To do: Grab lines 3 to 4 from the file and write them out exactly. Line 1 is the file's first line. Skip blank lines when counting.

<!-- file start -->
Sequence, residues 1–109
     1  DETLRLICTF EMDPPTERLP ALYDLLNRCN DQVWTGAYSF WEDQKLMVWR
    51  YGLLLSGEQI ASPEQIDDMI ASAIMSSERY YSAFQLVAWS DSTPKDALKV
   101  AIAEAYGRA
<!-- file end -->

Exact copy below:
    51  YGLLLSGEQI ASPEQIDDMI ASAIMSSERY YSAFQLVAWS DSTPKDALKV
   101  AIAEAYGRA